Children and immature Christians don’t have sufficient experience to make any sense existentially out of Psalm 2:11: “Serve the Lord with fear, and rejoice with trembling.” That just doesn’t make sense to the heart that hasn’t gotten to know the depth of what it means to fear the Lord — the very Lord who cares for us and loves us, and yet whom we would be terrified to have as our enemy.
Children and immature Christians don’t have sufficient experience to make sense out of Paul’s phrase “sorrowful yet always rejoicing” (2 Corinthians 6:10).
In other words, the immature heart thinks that sorrow and joy are alternatives. The immature think that joy and sorrow are sequential in life: sometimes we’re sorrowful while at other times we’re joyful. But they don’t have categories for simultaneous sorrow and joy.
Only the battle-scarred, broken-hearted, contrite, seasoned followers of Jesus know deep down in the fiber of their being that in this life they will never only rejoice and never only sorrow. They will always be intermingled.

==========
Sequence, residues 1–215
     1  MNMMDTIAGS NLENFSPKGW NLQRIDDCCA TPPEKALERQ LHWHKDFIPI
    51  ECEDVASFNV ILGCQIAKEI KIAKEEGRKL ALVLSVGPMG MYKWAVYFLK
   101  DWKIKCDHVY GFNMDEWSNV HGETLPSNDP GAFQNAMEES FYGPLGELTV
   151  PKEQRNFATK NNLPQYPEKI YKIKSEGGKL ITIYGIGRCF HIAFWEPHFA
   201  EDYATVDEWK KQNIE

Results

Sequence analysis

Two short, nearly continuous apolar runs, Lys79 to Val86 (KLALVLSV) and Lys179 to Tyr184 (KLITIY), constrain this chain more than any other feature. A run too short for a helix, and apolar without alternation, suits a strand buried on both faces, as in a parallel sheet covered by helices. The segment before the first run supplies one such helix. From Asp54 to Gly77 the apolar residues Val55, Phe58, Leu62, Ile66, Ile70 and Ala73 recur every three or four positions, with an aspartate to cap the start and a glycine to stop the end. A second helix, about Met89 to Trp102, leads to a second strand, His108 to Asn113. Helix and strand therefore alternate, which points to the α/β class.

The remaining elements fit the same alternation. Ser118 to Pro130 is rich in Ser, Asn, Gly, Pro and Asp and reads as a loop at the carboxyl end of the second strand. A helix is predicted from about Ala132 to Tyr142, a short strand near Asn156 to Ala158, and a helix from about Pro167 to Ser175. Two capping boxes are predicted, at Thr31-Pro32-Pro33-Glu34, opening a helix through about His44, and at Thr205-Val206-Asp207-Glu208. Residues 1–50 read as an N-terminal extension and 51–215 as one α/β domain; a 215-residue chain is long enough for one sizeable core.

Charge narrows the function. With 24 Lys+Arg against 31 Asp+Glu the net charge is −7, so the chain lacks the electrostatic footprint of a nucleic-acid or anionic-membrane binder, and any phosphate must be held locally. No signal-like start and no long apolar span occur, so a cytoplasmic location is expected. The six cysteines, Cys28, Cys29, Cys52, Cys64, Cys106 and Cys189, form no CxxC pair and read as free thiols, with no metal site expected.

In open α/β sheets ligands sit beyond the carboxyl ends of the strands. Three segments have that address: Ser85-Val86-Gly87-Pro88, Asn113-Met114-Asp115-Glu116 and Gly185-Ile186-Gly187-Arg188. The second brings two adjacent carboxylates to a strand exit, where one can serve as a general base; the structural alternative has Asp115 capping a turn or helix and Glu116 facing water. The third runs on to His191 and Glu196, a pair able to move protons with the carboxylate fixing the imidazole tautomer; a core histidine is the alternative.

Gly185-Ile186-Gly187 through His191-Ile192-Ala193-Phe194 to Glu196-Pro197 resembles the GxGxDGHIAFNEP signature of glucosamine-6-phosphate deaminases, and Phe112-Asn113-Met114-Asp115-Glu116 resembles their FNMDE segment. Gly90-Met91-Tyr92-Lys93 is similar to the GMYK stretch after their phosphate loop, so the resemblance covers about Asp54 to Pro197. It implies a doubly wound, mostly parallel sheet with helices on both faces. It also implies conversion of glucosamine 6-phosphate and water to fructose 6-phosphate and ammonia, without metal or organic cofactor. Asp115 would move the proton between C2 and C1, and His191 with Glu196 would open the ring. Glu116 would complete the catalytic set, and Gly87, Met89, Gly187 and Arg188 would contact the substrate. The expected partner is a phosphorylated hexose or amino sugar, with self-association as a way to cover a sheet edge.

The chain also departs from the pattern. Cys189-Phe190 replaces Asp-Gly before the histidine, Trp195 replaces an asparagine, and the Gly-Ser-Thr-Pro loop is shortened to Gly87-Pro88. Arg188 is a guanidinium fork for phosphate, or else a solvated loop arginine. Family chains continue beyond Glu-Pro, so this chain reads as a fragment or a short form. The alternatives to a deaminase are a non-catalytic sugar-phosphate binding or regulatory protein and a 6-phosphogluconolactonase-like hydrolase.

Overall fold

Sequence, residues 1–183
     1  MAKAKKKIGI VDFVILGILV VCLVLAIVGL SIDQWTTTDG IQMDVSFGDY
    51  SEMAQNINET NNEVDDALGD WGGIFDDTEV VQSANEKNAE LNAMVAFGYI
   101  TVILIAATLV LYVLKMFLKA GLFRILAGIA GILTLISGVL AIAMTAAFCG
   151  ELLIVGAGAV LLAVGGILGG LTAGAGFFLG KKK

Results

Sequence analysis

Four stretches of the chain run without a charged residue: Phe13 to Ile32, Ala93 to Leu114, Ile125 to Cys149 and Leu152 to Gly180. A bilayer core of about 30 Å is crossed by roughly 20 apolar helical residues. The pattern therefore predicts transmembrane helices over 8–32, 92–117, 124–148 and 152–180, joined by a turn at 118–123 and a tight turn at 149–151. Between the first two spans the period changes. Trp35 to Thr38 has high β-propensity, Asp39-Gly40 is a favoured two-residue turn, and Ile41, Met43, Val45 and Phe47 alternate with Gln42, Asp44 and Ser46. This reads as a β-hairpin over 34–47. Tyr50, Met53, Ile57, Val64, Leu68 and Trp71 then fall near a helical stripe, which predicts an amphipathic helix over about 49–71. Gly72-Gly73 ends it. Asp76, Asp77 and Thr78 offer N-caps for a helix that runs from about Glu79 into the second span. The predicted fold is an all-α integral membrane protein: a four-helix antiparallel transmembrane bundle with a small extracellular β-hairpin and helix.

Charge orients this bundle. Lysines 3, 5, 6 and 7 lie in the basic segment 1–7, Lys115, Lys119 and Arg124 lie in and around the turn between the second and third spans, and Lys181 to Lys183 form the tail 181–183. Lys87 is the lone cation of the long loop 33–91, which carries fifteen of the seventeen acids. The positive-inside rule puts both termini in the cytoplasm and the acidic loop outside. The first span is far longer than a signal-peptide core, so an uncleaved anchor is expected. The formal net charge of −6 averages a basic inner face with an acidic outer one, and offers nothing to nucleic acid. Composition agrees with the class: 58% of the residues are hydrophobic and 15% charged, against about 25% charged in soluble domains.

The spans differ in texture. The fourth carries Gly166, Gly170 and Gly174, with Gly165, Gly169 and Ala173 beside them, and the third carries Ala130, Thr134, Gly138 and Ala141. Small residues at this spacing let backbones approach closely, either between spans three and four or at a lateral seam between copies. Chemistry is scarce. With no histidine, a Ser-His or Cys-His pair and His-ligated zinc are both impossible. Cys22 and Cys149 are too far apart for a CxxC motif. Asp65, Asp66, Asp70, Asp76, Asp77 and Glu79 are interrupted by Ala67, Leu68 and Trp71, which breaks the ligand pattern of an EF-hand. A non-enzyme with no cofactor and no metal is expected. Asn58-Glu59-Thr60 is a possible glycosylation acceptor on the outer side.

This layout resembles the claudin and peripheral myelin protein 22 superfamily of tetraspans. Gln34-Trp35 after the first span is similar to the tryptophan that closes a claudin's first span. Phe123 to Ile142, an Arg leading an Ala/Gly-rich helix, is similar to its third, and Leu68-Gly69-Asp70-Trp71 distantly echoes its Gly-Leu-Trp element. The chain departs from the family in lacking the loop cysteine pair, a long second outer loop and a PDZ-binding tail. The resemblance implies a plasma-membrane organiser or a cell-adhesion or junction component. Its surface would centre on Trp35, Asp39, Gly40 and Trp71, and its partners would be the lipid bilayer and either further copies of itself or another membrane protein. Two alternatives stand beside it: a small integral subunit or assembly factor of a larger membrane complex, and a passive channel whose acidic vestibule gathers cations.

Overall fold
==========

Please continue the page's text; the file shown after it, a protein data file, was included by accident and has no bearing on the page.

Children and immature Christians don’t have sufficient experience to understand why Paul would say in Philippians 2:12 that precisely because God is at work in us, willing and doing his good pleasure, we should fear and tremble — we should do our obedience with fear and trembling. Wouldn’t the presence of God working in us take away fear and trembling? No, not all of it, but it takes a good bit of serious living with Jesus to discover these things.
Glib Versus Joy
Now I say all of that because the question as posed cannot be answered. Should the Lord’s Supper be solemn or cheerful? I’m saying it should not be either-or and should not be sequentially. There is a solemnity with explosive joy, and there is sweet cheerfulness whose eyes are brimming with tears.
“Complex emotional categories are necessary to create an atmosphere reflecting the realities of the Lord’s Supper.”